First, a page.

I agree with @jacobp100 that extending intances of builtins is not as bad as extending prototypes and constructors, and I also like @BlueHotDog’s proposal of using a custom error class. A custom constructor would make it 100% legit, IMHO. Probably more legit than trying to conform to some random implementations (like Mocha, in this case) in an ad hoc way.

Then again, when you frame your question like plain “would you like a feature X?”, users will always say yes, because it seems free for them. If the question was: “do you want Proposal 1 published in a week or Proposal 2 in ~2 month (postponing features Y ans Z)”, or: “Would you rather have Proposal 2 or Feature AA”, maybe we’d answer differently :slight_smile:

4 Likes

@tsnobip we rarely use them… but when they happen… i want them to Just Work and not deal with global capture and mutate to try and make some tool happy, or understanding ReScript representations. I’m very confused by this debate. if rescript can be a nice JS Citizen, than it should, that should be IMO a guiding factor in deciding such features.

If this is an internal representation i just honestly dont understand how making a solution that’s not 100% aligned with the standard is a good idea. i never want to know about the internal representation of ReScript. and i think that’s a very healthy thing to keep in mind.
JS is a crazy world… besides Mocha you’ve an endless list of things relaying on exceptions. they should just work.

2 Likes

Yes, I mean extending both, prototype and instances as well. Just because Node does it, doesn’t mean every single web browser and framework respect that, and you will always have some tool not behaving correctly, no matter how you implement your duck-typed error objects.

I mean I do mostly speak from my pre ES6 experience, because I ran into a lot of footguns with extending objects arbitrarily with my own values, and I am sure I am not alone.

Regarding ES6 class inheritance: Isn’t this feature extremely dependent on the browser / node version? Just looking at the MDN doesn’t give me any good feeling for easy integration in old babel codebases or older browser targets.

EDIT: Also, I am probably fine with whatever is being implemented, I am just throwing out my thoughts, because apparently this is what Bob wanted when opening this topic?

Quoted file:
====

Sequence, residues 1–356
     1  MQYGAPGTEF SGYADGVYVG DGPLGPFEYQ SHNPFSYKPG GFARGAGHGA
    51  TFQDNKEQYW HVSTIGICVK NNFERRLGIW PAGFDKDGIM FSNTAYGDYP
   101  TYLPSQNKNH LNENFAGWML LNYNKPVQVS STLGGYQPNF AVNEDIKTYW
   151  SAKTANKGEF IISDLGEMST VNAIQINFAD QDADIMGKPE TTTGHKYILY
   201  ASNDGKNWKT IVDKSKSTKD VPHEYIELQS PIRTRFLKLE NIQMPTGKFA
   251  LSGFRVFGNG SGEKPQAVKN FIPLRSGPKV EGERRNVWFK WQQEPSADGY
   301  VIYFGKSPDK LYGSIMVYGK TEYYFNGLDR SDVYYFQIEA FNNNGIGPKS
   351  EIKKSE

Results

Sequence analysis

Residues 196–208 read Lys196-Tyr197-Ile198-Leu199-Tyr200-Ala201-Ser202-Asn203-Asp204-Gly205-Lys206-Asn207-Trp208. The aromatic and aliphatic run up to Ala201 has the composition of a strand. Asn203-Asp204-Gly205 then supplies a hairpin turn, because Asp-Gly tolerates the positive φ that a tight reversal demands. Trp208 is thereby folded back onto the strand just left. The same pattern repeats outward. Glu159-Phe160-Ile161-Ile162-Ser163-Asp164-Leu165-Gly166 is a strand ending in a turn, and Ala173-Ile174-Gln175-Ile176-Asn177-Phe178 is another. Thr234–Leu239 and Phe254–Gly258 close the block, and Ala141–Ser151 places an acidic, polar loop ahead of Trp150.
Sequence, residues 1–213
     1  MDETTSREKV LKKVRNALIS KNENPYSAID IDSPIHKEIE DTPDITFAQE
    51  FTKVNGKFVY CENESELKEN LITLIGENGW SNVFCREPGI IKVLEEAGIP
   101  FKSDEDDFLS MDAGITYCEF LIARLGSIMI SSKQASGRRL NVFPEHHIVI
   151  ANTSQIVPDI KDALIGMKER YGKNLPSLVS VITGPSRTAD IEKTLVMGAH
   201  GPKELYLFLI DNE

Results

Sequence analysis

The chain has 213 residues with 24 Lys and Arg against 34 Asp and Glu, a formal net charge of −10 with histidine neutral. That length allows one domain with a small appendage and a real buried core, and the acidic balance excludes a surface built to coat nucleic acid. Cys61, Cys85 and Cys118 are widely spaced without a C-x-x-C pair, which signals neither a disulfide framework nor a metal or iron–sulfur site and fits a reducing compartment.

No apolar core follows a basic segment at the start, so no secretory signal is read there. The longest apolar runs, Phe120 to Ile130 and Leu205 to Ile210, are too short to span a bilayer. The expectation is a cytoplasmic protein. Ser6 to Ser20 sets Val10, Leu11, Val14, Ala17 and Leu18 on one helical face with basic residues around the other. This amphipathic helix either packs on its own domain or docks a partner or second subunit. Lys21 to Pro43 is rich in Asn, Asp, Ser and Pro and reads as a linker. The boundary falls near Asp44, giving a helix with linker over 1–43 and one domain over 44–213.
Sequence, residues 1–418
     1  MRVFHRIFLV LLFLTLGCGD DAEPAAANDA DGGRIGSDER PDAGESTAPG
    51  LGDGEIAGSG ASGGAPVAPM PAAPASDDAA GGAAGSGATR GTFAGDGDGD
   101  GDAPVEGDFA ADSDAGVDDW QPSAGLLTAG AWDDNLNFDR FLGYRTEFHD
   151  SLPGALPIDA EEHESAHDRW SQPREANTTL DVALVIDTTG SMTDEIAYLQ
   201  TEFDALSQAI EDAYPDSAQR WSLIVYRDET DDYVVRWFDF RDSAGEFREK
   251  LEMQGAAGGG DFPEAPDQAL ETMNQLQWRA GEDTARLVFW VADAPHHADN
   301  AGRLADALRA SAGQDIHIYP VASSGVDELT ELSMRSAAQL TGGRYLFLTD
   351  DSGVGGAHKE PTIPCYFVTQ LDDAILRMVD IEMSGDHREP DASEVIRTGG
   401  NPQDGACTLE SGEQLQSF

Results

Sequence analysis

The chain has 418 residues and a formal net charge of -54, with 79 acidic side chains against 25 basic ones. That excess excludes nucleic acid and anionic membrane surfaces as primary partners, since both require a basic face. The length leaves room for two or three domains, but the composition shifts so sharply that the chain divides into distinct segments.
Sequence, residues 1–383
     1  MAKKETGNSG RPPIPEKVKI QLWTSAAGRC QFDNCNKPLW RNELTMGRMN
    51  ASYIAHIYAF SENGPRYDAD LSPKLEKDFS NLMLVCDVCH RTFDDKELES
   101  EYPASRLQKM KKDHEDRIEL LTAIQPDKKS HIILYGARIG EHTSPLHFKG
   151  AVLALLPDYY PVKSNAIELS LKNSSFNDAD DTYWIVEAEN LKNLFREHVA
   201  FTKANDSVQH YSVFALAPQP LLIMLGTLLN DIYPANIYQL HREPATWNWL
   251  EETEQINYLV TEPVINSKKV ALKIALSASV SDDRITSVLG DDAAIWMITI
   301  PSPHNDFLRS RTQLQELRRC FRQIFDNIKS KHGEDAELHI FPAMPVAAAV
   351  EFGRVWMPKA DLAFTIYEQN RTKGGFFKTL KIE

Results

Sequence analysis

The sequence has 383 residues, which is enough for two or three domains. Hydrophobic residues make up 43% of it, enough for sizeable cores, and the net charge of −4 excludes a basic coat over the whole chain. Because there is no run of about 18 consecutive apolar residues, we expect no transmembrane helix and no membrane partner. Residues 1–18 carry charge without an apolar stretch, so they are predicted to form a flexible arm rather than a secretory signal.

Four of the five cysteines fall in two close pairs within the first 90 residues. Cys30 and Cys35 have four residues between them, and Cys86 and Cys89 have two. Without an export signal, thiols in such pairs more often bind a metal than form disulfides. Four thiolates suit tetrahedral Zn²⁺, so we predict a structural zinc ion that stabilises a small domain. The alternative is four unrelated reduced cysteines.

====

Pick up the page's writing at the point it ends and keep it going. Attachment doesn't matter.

1 Like

My thoughts: I prefer something more like proposal 2, but I can see how the internal metadata could get removed (or maybe even modified) by third party tools.

One example is error normalization, where a library might assume it’s a standard Error instance and copy it with a modified message or stack property. If they aren’t copying all the object keys, then this would dump the ReScript metadata.

Granted, this sort of technique is generally frowned upon in the JS world, but I’ve seen it done in some frameworks & popular libraries.

2 Likes

It looks like option two is the least problematic. I would just like to mention that I would choose a more unique property than _1 for the metadata, maybe RE_EXN_1.

Btw we can also set the message/name etc of the error to sane values (like the same as RE_EXN_ID.

Btw2: A custom error class is probably the best way to go, compliant and in line with how this would be solved in JavaScript.

Since extensible variants and exceptions share the same implementation, how much does that factor into the decision? For example, if exceptions were compiled to a custom error class, would that make all extensible variants that same class? Or, if they did, would that be a problem?

2 Likes

That’s one of underlying complexities and explains why I tend to proposal 1.
I understand the advantages of proposal 2 vs proposal 1, so repeating this is not that helpful.
What I asked is if there are any practical disadvantages (e.g, break some popular 3rd party frameworks) if we go to proposal 1, at best with some concrete examples